James M. Poterba, March 1991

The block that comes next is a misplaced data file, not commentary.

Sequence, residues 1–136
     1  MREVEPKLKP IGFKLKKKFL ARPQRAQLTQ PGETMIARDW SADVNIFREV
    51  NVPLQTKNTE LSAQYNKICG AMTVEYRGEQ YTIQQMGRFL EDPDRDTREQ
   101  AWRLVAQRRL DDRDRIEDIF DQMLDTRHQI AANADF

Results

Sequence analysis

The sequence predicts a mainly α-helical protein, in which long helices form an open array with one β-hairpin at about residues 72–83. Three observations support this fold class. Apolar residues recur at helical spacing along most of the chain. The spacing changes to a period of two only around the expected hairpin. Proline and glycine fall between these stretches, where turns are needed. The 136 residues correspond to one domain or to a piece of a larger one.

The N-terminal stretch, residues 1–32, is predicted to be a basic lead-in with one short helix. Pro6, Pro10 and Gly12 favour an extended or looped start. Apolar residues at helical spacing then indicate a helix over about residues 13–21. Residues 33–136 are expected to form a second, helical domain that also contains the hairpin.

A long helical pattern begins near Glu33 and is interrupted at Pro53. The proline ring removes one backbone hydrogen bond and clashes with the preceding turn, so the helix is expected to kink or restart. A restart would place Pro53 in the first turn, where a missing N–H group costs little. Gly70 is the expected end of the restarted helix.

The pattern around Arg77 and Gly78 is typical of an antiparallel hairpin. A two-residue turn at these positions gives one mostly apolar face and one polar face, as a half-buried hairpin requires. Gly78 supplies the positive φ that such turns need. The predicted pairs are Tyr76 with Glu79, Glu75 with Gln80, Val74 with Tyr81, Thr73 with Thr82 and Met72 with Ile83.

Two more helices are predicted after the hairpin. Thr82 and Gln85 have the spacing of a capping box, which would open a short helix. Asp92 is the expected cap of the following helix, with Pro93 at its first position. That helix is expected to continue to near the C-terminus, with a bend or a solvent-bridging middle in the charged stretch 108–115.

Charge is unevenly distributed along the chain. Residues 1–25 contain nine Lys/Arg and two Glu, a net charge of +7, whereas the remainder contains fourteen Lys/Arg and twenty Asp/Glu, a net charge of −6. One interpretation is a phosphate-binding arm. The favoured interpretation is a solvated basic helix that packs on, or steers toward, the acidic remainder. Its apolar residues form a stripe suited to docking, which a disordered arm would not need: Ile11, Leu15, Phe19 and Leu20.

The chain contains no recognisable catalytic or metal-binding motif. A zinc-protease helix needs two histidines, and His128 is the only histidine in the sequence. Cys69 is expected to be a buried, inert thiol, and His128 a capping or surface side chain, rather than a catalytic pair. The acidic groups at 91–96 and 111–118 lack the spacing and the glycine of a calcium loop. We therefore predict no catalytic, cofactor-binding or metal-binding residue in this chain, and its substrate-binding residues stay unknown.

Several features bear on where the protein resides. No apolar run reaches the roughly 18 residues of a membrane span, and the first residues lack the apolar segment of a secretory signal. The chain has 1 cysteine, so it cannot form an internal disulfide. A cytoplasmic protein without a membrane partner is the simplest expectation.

This paper develops several points concerning the design and implementation of a carbon tax. First, if implemented without any offsetting changes in transfer programs, the carbon tax would be regressive. This regressivity could be offset with changes in either the direct tax system or transfers. Second, the production and consumption distortions associated with small carbon taxes, on the order of $5/ton of carbon, are relatively small: less than $1 billion per year for the United States. Stabilizing carbon dioxide emissions at their 1988 levels for the year 2000, however, would require a carbon tax ten to twenty times this size. It would more than triple the producer price of coal and nearly double the producer prices of petroleum and natural gas, would have much more significant private efficiency effects. Third, a central issue of carbon tax design is harmonization with other fiscal instruments designed to reduce greenhouse warming. Ensuring comparability between taxes rates on chlorofluorocarbons and fossil fuels is particularly important to avoid unnecessary distortions in production or consumption decisions.